The range of Ann’s renderings of the leaves, flowers, and other creatures of the Sierra is also impressive. She gives us a scarred and anonymous “Leaf from Wuksachi” as well as a trio of manzanita leaves, immediately familiar to anyone who has trekked in the Sierra. Rather than show us the large, white sepal blooms of the dogwood trees which often nestle under the giant sequoias, she meticulously draws the underside of the dogwood leaf, a part of the tree which is overlooked more often than not. Rounding out the array of her artwork are the drawings of the Rubber Boa and the Ceanothus Moth, both small but essential parts of the life of the Sierra.
These renderings from the Brantinghams focus not on the grand things of the Sierra, but on the intimacies of mountains and meadows, rock and stream, insects, birds and bears. We see the tenacity of life that exists there even when devastated by fire and invaded by humankind. Kitkitdizzi offers us the small exchanges that can occur between human and place, and by them we are transformed and moved to a new plane of understanding, a new world of quiet, a new sense of wholeness.
Read Kate Flannery's "14 Stations- an Experience of Despair" and Faith in The Ekphrastic Review
Kate Flannery is an Editor-at-Large for The Journal of Radical Wonder where she writes the column, “Interludes.” Her essays, poetry and fiction have been published in Chiron Review, Shark Reef, and Pure Slush, as well as other literary journals. She was a finalist in Bellingham Review’s 2022 Annie Dillard Award for Creative Nonfiction.
Running with the Bear
In the morning, I hike up to Heather Lake alone, taking nothing but the clothes I’m wearing. It’s sunny and warm so I wear a tee shirt, shorts and running shoes. It’s a long uphill climb, but the day cools by degrees, and by the time I hike the four miles, it’s clouded over too. The view is beautiful. On one side Alta Peak rises out of the treeline and is snowcapped. On the other, I look down past Tokopah Falls to the canyon where the Marble Fork of the Kaweah River rushes toward Lodgepole.
I walk back to camp in a different direction than I came, cresting a mountain. Just as I am on the broad and flat ridgeline, the clouds darken up, and it starts to rain. I speed up my trudge, which is made easier by the fact that I’m going downhill. Soon, the rain gets harder, and in ten minutes it’s hailing, the little stones stinging my skin, but they don’t really hurt, and the day is so cool, I start to jog downhill. In a moment, the lightning starts, but it’s not directly on top of me.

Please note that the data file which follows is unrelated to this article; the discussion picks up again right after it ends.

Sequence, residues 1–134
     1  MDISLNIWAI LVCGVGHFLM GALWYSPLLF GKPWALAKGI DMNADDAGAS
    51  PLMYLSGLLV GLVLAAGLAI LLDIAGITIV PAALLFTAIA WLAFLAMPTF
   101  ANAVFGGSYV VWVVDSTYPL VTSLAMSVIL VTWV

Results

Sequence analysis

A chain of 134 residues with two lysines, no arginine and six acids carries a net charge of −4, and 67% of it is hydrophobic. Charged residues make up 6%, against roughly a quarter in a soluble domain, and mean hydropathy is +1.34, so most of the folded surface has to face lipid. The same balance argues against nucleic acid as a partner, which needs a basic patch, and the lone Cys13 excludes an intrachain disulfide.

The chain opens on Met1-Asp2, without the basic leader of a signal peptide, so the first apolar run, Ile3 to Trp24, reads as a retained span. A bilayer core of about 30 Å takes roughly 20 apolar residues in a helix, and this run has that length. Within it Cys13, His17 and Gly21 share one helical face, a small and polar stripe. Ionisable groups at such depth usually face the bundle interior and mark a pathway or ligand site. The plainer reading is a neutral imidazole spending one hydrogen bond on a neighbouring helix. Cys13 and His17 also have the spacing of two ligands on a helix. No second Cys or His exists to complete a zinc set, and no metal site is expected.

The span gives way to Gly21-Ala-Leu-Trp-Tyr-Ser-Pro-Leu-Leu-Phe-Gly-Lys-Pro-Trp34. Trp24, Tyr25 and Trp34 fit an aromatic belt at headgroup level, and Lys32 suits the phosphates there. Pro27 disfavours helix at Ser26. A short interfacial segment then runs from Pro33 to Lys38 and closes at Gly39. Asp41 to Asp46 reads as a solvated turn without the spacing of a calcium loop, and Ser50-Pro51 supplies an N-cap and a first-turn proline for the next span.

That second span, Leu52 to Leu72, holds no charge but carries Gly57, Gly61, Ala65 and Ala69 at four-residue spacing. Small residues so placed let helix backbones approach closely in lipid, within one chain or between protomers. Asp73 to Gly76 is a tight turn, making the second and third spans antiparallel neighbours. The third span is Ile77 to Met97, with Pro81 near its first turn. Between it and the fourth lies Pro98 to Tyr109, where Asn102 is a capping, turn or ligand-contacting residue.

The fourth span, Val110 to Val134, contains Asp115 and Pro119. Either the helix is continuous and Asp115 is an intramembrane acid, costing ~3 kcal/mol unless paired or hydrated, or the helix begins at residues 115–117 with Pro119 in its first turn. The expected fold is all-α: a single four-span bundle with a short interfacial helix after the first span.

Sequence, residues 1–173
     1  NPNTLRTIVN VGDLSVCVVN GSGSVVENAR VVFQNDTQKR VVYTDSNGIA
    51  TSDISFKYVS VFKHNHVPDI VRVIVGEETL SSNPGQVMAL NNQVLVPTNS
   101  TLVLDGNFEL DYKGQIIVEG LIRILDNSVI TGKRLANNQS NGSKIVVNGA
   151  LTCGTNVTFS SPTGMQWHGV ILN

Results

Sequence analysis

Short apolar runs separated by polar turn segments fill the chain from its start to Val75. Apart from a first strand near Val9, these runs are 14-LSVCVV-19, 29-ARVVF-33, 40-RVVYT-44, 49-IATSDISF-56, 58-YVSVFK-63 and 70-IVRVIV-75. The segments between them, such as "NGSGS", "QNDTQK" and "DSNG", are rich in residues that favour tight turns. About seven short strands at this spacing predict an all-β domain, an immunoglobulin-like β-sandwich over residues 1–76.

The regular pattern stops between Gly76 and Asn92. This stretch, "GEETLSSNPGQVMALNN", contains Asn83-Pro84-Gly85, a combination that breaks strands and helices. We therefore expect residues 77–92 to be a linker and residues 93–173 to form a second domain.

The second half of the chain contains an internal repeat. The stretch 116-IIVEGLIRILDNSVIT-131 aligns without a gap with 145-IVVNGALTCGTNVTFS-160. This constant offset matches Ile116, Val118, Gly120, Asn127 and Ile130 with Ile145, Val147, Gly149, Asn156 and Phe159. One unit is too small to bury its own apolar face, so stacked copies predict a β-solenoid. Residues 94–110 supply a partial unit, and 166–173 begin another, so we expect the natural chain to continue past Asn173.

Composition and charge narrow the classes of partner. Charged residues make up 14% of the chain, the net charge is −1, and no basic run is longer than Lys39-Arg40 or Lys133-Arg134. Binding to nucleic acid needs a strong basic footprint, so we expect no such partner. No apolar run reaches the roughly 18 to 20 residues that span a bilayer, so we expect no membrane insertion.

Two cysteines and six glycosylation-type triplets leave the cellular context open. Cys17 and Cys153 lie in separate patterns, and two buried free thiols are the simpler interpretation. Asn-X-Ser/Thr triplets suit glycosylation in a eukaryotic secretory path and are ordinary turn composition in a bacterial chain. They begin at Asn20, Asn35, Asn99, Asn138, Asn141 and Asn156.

I’ve never had a moment like this before, running through a lightning and hail storm, the thunder like something out of a Wagnerian opera. I’m going down the ridgeline which is perhaps only twenty yards wide, so when a black bear sees me charging, he assumes there is something to run from and starts his own gallup downhill, running in a kind of easy lope. For a moment, maybe five seconds, we’re running together, me on the trail, him through the trees, but together.
I will try to explain the sensation of running with a bear through the lightning and hail when I get back, but it falls flat with everyone I tell.
How to Be Alone
One of the first things I have to do when we come up to the mountain is to relearn how to be alone. For Annie, it’s less difficult, I think. She’s comfortably alone, and she works out of the house. She’s by herself most of the time and knows how to be there. Besides, she’s an introvert.
I am, however, an extrovert, and during the semester, I am surrounded by students and colleagues. I like to be with people and to hear them and to talk with them about everything. They give me energy. As the semester builds and my stress level grows, people give me insulation from the self-doubt that I live with. I am a born worrier and over-thinker. I feel guilt for things I have done even when they were the right thing to do. By the end of the semester, I find myself seeking people so I don’t have to think about those things that are bothering me. They are distractions, and I need them.
I, like so many people, have a number of addictions. The most powerful of these is the distraction I get from being around other people. I feed this. When I am not with students, I seek out my colleagues. I am on Facebook constantly, and I get a little high every time someone likes my post or comments on it. I have three email addresses for three different groups of people. It’s not healthy to always be alone, but it is equally unhealthy to search for a group of people to help dispel the alienation and boost my endorphins.